There are many misconceptions about what bipolar actually is. I will try to clear a few of those up. If you have additional questions please leave them below.
What is bipolar?
Bipolar is a mental illness that is characterized by periods of depression and periods of a hyperactive state known as mania. The cycling between manic episodes (tons of energy, feeling that you can do anything, reckless/dangerous behavior, and excessive money spending are a few of the symptoms of a manic episode) and major depressive episodes (no energy, feeling of helplessness, general gloom, lethargy, and hopelessness are but a few of the symptoms associated with depression) is what separates bipolar from other mental illnesses. The two main types are bipolar I and bipolar II, the only difference being that those with bipolar II experience hypomanic episodes instead of full on manic episodes. So less intense mania. I have been diagnosed with bipolar II.
But you seem so normal.
Believe it or not, mental illness is normal. That is part of the reason I am including this in the blog, to normalize mental illness and remove the shame that is associated with it. Just because I can’t get an x-ray to prove that I am bipolar doesn’t mean that it is any less real than a broken bone. The main difference is that when you break your leg you get to wear a cast and people are generally kind and help you with your wheelchair or crutches or whatever you have, but you can’t get a cast for any sort of mental illness. Instead of being kind and helping you, people will make fun of someone or criticize them. Saying to just suck it up and get over it. You wouldn’t tell someone in a wheelchair to just suck it up and walk already. Mental wheelchairs are more abundant, but less accepted than physical ones, and yet people are still so ashamed of them.
Really though? Bipolar?
That’s what I’ve been diagnosed with. I’m not 100% convinced that the hypomania I experienced was due to my head and not the meds I was starting, but the treatment for bipolar seems to be working and I haven’t had any sort of hypomanic episode in quite a while now. And so I choose to continue with the treatment.
How did you manage the constant mood swings?
A common misconception about bipolar is that cycling occurs many times daily when in reality episodes typically last anywhere from a few days to a few months or maybe longer. The ultra rapid cycling of hourly episodes is very rare. In fact, with my episodes ranging from a few days to a week or two, I am technically considered as to experience rapid cycling.
Was your mission hard?
Yes. My mental health problems made my mission very hard. I had intense sleep issues for almost the entire time, and sleep is essential not only to missionary work, but to controlling bipolar. So that really messed me up. Especially towards the end of my mission. I was experiencing more stress than normal (this is when I came out to my mission president and also to my parents) and it was too much. I sat for days in the room in the dark. Literally. I just sat there. Food was nauseating, and I lost about twenty pounds. I had some incredible companions through this time. Ellsworth, Decker, and Marçal had so much patience with me and I will be forever thankful to them for putting up with me. In the end though, President Hall and I decided together that remaining in the mission would only cause damage to me and that I needed to take care of myself first. And so, after serving for 18 months, I was issued an honorable release from full-time missionary service. The nice perk of that was that I got to go home with the Hermanas that came out with me, and they were (are) dear to me.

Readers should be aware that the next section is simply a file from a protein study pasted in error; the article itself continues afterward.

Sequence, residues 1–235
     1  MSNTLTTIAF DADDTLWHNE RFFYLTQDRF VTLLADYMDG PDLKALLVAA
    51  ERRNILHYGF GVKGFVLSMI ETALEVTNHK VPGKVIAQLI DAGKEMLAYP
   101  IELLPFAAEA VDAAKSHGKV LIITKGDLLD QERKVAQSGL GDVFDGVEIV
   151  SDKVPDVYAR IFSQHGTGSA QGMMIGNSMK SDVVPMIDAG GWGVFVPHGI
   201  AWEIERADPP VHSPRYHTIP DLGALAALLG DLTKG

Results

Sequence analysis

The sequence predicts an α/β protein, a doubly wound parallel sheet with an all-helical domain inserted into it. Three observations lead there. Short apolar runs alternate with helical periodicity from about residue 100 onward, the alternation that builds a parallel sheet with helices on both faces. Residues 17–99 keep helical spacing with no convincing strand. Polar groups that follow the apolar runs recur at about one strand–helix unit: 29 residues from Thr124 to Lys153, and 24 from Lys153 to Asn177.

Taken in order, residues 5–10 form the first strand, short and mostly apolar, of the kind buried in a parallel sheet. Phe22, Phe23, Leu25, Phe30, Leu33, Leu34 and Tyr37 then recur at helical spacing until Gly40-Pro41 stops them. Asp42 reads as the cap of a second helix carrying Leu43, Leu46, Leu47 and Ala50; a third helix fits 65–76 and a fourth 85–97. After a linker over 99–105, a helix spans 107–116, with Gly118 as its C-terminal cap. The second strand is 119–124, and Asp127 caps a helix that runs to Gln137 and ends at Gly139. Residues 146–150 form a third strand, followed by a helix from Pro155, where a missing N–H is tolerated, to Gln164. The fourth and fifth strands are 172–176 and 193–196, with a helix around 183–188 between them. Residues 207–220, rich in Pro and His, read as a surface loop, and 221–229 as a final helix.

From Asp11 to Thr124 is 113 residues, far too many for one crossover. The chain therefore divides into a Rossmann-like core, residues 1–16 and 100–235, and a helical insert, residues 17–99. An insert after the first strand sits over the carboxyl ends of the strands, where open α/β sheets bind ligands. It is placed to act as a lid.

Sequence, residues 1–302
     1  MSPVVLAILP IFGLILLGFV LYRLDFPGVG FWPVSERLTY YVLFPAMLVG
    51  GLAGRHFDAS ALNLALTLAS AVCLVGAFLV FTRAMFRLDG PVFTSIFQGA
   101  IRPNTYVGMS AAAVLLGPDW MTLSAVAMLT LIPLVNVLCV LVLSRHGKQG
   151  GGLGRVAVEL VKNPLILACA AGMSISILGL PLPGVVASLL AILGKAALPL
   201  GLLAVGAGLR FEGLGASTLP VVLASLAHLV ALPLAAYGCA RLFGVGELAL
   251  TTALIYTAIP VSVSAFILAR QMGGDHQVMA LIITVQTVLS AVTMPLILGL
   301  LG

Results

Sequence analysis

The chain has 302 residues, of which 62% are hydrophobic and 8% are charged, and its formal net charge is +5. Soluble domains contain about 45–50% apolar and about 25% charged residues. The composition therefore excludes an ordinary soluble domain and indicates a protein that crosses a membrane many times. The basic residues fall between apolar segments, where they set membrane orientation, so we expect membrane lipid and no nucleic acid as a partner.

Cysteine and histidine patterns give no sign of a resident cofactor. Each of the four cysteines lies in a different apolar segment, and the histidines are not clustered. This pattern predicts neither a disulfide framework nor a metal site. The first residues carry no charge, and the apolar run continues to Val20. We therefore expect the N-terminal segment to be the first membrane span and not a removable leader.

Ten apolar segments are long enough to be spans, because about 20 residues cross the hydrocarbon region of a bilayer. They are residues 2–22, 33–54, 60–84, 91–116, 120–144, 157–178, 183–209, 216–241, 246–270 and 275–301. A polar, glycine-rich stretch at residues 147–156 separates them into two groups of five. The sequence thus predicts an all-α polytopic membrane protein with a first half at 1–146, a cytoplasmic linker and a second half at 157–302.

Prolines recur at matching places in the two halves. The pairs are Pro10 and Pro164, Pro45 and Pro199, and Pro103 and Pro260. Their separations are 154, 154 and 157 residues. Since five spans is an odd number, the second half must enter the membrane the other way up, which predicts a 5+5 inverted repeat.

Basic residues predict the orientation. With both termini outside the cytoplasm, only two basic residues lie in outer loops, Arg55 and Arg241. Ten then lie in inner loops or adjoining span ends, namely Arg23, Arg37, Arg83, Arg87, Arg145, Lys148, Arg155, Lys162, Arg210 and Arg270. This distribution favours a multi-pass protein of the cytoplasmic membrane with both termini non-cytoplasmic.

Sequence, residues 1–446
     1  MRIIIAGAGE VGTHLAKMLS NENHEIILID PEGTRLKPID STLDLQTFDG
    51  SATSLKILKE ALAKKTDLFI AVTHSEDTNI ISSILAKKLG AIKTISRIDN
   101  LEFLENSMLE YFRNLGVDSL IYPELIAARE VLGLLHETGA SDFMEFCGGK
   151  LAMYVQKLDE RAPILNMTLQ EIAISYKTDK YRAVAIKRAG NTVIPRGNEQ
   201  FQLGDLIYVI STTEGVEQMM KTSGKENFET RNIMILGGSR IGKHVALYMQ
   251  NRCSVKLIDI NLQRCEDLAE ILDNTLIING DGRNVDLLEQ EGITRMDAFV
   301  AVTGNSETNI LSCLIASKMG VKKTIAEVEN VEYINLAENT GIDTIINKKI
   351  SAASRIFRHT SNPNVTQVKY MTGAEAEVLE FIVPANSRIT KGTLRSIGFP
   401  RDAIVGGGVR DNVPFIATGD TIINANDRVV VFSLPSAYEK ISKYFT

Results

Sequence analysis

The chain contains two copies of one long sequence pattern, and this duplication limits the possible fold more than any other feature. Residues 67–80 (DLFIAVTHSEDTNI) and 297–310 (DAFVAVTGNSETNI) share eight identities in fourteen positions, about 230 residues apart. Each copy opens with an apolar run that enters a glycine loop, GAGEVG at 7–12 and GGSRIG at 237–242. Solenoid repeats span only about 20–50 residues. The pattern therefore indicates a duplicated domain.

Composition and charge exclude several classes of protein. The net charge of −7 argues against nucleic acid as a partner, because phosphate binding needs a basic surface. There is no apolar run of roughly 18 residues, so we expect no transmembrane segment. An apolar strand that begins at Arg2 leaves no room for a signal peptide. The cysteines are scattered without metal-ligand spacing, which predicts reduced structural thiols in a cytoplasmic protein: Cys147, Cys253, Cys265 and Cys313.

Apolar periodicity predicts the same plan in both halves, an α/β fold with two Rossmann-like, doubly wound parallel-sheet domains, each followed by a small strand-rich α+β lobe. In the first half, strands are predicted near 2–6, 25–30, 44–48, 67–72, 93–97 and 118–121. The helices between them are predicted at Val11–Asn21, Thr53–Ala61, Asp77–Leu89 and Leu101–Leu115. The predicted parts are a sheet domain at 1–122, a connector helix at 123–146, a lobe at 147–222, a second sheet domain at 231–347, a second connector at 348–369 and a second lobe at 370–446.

And how are you doing now?
I’ve been without symptoms of a hypomanic episode since at least October 2013. Perhaps earlier, but that was when I started going to a new doctor and he started me on some new meds that have really worked out well for me. I have gone through way too many meds looking for my perfect cocktail of pills, but I think I am in a good place now. Generally speaking. Better than I ever was when I was taking the drawer full of meds before (I for real have a drawer full of meds that didn’t work for me, and some in a cupboard somewhere, and others just lying around my room at home I think. Way too many pills). Depression is still a huge issue for me. There are still days that I feel like I have grape jelly flowing through my veins instead of blood. But I get through them. I don’t know how, but I do. And somehow I hope to continue getting through them.
So are you normal happy now….or manic happy?
Don’t ever ask me this question. I’m happy, isn’t that enough? Who really cares anyway if it is because of some hypomanic episode or because I got a text from a really cute guy? I’ll take any happiness I can get.